Thursday, October 31, 2013

Beach to Battleship: We've Only Just Begun

It's 5 days post-race and the reality of racing 140.6 miles is still sinking in. I keep saying "It's crazy!" which at once does not do justice to the event, but also sums it up fairly accurately. Since the beginning of this year Beach To Battleship 140.6 mile iron distance triathlon has been a top goal.
the actual battleship

Spring training started out strong, although in retrospect, a bit early. If I ever take on this distance again I will train in a 6 month span- a realistic time frame for an athlete already used to working out 12-13 hours a week. I feel limiting the length of time spent training would combat burn out and over use injuries. Obviously, I can't say that would be best for everyone but it's what I would do for myself.
Anywho, who knows if I'll ever compete in an iron distance race again. What I want right now is to recount what THIS journey has meant. It has involved tremendous joy, pain, support, sacrifice, sweat, tears, adventure, sense of community and more.

"The more I run, the more I love my body. Not because it is perfect, far from it-but because with every mile it is proving to me that I am capable of far more than I ever thought possible."

Those words really get to the heart of why I chose to tackle the 140.6 mile triathlon challenge. The older I get the more actively I seek to shed the self doubt/hatred that claimed so much of my spirit during my teens and 20's. I believe that God gave me one life to live and that it is meant to be lived to the fullest. Anything less would be a waste. When people say "Running is bad for your knees" or "Endurance sports are bad for your heart" or "Riding a bike is dangerous" I cannot help but think "Are you not scared of early onset diabetes/ heart disease?" and "Are you aware of the obesity epidemic happening right now, in this country?" and "Are you happy living your life in fear?". I mean come on. The limits we set on this life are all too often self-imposed.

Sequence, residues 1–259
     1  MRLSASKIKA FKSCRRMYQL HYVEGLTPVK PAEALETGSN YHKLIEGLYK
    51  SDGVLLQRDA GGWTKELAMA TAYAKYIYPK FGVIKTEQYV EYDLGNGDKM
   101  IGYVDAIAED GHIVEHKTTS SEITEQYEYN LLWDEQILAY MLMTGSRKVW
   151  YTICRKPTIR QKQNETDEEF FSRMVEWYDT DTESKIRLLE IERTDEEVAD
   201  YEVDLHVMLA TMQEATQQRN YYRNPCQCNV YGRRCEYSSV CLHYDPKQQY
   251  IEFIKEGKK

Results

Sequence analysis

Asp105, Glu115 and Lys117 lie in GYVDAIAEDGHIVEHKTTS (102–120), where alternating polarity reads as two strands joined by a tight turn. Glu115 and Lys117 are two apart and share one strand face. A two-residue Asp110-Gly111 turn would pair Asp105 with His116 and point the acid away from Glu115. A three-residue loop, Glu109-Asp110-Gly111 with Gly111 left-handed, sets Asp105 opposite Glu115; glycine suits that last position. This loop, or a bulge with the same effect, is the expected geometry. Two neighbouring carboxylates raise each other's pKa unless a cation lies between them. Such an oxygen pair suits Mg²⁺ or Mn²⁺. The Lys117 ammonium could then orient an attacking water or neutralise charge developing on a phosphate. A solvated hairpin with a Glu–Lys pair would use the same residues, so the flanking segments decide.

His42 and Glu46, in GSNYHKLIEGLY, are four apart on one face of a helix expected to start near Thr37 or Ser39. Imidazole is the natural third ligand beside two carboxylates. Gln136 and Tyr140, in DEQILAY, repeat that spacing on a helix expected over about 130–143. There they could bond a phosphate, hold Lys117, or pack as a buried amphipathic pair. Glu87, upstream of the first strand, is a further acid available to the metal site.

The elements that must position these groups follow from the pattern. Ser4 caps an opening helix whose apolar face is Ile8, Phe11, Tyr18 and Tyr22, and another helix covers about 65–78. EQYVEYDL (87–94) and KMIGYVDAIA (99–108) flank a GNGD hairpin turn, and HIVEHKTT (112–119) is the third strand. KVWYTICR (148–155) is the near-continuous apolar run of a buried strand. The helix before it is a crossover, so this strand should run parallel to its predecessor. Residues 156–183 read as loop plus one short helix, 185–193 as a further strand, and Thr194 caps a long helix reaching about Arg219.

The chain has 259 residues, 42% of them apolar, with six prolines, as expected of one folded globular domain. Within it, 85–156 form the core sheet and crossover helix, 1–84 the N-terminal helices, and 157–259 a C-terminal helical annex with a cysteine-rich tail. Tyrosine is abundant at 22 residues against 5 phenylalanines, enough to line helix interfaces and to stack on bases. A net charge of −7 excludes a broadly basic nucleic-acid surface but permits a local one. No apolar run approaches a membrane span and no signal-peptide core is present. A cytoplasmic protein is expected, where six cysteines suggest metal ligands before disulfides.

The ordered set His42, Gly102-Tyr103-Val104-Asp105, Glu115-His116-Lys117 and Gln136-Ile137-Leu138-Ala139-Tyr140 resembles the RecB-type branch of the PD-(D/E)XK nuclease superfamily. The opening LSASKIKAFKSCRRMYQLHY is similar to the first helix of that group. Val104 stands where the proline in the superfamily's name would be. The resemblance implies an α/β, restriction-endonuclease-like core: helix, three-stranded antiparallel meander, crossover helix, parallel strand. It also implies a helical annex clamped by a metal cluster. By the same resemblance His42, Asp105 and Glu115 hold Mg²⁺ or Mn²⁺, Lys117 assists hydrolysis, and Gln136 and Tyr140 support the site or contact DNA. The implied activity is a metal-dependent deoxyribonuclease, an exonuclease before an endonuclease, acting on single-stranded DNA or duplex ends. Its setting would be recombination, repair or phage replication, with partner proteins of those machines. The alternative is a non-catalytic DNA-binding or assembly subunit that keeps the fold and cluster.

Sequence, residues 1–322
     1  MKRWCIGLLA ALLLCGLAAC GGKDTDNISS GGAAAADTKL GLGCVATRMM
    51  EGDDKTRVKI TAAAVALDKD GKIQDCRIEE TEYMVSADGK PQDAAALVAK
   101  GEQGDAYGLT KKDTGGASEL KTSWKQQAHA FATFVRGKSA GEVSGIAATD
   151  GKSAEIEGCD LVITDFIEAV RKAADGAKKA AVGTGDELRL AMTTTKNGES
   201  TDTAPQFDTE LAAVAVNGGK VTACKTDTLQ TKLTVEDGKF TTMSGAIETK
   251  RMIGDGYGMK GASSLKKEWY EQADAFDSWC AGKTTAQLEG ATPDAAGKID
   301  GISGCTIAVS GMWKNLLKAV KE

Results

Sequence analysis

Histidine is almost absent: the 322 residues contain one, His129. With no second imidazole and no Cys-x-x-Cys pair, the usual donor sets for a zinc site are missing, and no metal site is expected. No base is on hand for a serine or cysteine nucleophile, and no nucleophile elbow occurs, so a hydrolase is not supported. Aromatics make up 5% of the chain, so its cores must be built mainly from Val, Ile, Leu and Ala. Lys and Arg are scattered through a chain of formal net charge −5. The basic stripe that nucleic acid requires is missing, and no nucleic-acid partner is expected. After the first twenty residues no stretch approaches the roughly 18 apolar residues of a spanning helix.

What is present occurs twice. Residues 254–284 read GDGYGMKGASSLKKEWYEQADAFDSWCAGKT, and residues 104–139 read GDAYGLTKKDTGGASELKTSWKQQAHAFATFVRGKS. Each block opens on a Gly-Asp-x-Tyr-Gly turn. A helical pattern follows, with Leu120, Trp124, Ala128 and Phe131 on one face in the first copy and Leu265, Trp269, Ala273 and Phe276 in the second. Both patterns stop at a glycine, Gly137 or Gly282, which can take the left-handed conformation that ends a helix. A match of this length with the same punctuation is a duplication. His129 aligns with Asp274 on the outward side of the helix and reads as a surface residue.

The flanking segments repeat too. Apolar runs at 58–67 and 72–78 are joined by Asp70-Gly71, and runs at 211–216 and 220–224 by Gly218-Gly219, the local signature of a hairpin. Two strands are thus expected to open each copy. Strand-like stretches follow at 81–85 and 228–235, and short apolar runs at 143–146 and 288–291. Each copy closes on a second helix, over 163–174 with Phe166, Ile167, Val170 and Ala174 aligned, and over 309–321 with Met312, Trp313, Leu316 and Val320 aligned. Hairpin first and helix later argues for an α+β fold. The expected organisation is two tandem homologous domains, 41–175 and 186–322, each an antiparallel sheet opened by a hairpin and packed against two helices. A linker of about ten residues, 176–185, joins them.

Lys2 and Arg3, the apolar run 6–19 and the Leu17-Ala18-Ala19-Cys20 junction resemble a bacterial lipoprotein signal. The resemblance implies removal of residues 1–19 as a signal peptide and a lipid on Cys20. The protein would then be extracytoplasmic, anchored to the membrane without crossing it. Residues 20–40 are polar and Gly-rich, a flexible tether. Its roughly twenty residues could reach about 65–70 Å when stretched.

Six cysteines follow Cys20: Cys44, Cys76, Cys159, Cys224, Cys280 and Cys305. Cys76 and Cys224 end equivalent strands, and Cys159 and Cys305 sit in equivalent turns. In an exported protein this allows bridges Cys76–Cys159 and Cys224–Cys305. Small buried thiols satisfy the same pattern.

Countless early morning workouts and beautiful views like this on the Trace
I don't know that anyone, myself included, is dying to recount the year's worth of training that went into this so I'll skip ahead to recent months. End of summer marked the beginning of very rough couple months leading up to the race. One, after spending a year juggling freelance and many part-time gigs in addition to training for an ironman (a part time job in it's own right)- I was spread too thin. Two, our much anticipated "vacation" to the gulf shore resulted in me having an extreme allergic reaction- cutting the trip short and accruing plenty of bills from the Dr. Three, the glute pain I had been trying to keep at bay became unavoidably painful. This resulted in months of physical therapy, anxiety at potentially having to drop out of the race, and of course more $ spent on my health issues. Four, in succession the "things" in my life started breaking down, i.e: dishwasher, Jon's car, my car. The timing of it all was ridiculous. Sometimes I feel the motto for my life should be "When it rains, it pours".
Got in a little exploring at the Gulf Coast before allergy rashes covered my skin.

All these events led to my physical, financial & mental depletion by the beginning of October. The folks who see me regularly got to witness multiple breakdowns; for Jon, he had to deal with it almost every day. But, in keeping with my motto, even while I felt like life was continually beating me down  I was showered with kindness from all sides. From co-workers past and present, from new friends and old friends, from people who owe me nothing at all- I was offered SO many helping hands. I thank God every day for putting people like that on the face of this earth, and for letting our paths cross. It pushed me through this month and allowed me to see this journey through to the very finish line I lept across on Saturday night on a gorgeous cobblestone street in Wilmington, NC.